The first item that districts need to provide is going to be their general ledger showing costs incurred by program and award. That’s going to identify what types of costs they have for the period.
They’ll have to provide a population of programs and awards. That’s going to be included on what’s called the Schedule of Expenditure of Federal Awards—it’s effectively the financial statement of the compliance aspect of the audit. It’ll say, “For ESSER we spent x million dollars. For Title I, etc.” The auditors use that schedule to figure out how they’re going to focus their work.
And then they’ll have to submit a list of policies and procedures for how they went about spending the funds and how they monitored the program.
How much detail will districts need to share?
Depending on how well the procedure piece is done, the auditors may or may not have to go really deep. Auditors really want to look at four main things:
- Whether the costs are allowable in accordance with the program rules.
- Whether the dollars drawn down from the federal government or the state were expended in a timely fashion.
- Whether the district complied with state and federal requirements for procurement. [Those rules] are not always in sync. Depending on the type of items you’re purchasing, there may be specific requirements that are applicable.
- How well the procedures and policies were designed and whether they were implemented effectively
What happens if the auditor determines something was amiss?
Depending on the severity of the issue, it may or may not result in an audit finding. If there’s a finding, then either the state education agency will have to take action and identify what corrective action is required by the district, or the federal government may step in, if the state agency itself is being audited.
There’s a corrective action process that you have to go through that identifies what steps the district is taking to resolve the issue. The state agency that oversees the districts—or the federal government [agency] that oversees the state, will monitor that corrective action. They’ll either clear the finding, or they’ll keep it open until additional steps are taken.
What does that corrective action process look like?
The first is going to be, to understand what’s the root cause of the problem. The district ultimately is the entity that’s going to draft its initial corrective action plan. They need to understand the root cause so they can actually address the problem going forward, but also identify what steps can be taken to handle what happened in the past.
Repayment of dollars, reports that have to be refiled—it’ll really depend on the nature of each issue. And then they’ll have to formally document that corrective action.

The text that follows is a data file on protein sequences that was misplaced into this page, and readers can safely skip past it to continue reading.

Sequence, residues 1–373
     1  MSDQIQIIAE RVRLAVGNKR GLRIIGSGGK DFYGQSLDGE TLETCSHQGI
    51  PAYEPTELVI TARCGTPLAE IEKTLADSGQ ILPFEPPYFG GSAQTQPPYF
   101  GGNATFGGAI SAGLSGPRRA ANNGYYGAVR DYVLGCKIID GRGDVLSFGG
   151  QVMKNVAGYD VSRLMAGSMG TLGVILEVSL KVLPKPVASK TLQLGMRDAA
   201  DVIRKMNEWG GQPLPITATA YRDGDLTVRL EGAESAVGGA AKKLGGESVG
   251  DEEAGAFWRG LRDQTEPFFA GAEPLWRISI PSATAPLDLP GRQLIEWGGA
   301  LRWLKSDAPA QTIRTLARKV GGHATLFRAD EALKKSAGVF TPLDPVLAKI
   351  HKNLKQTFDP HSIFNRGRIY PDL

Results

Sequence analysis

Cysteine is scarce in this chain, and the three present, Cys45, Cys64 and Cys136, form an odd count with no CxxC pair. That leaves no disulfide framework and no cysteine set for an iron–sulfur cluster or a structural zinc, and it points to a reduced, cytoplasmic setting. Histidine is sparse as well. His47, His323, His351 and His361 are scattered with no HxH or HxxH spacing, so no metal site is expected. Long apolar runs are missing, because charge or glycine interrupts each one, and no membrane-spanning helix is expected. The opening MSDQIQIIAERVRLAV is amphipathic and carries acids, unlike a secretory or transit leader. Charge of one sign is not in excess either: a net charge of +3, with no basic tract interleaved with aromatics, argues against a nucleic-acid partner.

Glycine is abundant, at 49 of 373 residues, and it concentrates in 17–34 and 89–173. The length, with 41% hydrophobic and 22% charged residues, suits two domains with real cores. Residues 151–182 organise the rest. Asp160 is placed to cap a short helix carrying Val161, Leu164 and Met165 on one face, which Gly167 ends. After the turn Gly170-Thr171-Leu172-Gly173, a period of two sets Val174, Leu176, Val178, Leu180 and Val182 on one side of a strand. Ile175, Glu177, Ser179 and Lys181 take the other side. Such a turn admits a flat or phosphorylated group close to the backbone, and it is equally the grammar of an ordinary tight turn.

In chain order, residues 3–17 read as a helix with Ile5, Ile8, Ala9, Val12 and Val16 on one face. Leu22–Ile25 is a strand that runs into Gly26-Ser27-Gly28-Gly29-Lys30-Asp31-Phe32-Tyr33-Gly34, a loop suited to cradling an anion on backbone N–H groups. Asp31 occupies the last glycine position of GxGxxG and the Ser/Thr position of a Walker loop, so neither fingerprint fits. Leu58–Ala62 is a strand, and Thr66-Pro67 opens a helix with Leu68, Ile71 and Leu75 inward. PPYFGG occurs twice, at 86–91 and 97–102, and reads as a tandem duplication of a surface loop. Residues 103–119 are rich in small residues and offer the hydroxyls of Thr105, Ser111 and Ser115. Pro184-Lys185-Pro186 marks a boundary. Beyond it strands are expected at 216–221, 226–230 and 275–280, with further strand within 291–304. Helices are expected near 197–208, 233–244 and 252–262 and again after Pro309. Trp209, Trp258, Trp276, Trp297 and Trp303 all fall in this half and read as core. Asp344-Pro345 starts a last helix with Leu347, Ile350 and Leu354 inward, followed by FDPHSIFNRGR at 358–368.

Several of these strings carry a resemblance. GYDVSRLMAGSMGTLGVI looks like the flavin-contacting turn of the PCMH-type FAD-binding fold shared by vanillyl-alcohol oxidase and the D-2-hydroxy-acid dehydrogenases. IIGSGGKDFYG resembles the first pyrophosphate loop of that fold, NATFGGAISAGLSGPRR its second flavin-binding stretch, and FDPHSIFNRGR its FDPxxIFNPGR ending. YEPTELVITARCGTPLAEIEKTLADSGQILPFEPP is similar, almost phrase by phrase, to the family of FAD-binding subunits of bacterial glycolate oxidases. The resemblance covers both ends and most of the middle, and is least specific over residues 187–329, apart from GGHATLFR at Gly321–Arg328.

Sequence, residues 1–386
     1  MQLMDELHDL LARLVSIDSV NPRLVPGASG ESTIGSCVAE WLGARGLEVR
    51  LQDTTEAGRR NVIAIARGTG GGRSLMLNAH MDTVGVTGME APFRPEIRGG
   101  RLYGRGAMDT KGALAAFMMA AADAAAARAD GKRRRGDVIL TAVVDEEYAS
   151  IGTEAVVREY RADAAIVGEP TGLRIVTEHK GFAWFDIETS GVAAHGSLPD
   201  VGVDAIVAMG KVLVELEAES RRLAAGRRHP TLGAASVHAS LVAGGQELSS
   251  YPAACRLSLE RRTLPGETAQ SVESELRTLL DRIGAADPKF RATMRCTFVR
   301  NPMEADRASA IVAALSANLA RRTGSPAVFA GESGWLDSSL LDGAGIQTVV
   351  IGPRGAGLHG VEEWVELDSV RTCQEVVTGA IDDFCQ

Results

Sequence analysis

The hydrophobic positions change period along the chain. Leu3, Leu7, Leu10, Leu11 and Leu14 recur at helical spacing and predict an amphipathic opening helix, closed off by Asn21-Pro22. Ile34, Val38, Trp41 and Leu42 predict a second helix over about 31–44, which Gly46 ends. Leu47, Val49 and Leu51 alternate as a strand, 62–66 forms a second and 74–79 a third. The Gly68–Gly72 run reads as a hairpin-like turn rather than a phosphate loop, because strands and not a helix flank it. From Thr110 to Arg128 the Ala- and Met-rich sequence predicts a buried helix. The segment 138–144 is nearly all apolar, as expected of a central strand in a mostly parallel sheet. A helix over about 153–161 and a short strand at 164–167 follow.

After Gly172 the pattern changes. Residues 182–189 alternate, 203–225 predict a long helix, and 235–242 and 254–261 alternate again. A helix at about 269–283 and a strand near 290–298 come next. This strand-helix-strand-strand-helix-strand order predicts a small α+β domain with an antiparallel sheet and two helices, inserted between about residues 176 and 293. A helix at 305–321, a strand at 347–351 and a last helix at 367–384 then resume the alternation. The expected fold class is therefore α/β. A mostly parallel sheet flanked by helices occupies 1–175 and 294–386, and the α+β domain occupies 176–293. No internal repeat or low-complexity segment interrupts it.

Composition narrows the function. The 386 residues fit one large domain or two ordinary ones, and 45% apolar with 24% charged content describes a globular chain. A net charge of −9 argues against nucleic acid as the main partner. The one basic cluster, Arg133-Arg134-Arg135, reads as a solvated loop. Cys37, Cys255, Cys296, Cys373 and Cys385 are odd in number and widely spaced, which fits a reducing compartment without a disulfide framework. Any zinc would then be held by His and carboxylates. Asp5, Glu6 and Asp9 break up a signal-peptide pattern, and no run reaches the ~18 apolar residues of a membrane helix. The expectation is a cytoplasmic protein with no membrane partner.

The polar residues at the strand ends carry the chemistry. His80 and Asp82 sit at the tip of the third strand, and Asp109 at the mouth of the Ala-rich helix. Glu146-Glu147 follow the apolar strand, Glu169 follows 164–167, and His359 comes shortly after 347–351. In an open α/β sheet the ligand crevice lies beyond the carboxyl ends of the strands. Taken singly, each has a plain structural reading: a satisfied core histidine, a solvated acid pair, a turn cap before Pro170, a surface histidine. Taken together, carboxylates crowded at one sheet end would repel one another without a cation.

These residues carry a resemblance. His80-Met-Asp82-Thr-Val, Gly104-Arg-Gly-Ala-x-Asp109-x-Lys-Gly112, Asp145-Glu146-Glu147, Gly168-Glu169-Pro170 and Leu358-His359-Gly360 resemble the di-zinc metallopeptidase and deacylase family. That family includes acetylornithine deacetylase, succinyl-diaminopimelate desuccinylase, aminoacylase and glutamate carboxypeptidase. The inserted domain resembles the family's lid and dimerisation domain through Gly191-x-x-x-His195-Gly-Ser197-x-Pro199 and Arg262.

With ESSER specifically, what do you expect will be the most common mistakes that will set auditors on edge?
Potentially lacking documentation that links whatever the costs are to COVID.
Second is going to be the adequacy of the supporting documentation that’s retained—whether there’s sufficient information in the documents provided to allow the auditors to complete their test.
The third is probably going to be that construction zone—making sure districts comply with prevailing wage requirements, which are still pretty new to districts.
Some critics of the ESSER program say it’s not mandating sufficient accountability. How do you feel about that?
I think the audit process, because it requires the involvement of the school board, the senior management of the district, as well as the financial managers of the district, and the state, it really mandates accountability. Part of that process is that the reports have to be issued to the district leadership. And then they also have to be submitted to the state agencies as well. There’s inherently a structured follow-up process on any issues that arise. That’ll help with the accountability piece.
There was such a rush to get the dollars out that the structure wasn’t quite built yet. The audit activities will help to identify where there are some gaps that may exist, that give districts a chance to correct things going forward.
There’s so much more federal money rolling around out there than usual. Does the nation have enough auditor capacity to scrutinize all this spending?
The entire audit industry is stretched right now. That’s just a function of the COVID-19 funding.
I don’t think you have the risk of less accountability. There are standards in the audit industry that dictate what has to happen. But what you do have is a risk of schedule challenges.
The audit firms are stretched thin, and the state agencies are stretched thin. Districts really have to be prepared for the audit. Auditors just don’t have the time to keep extending deadlines.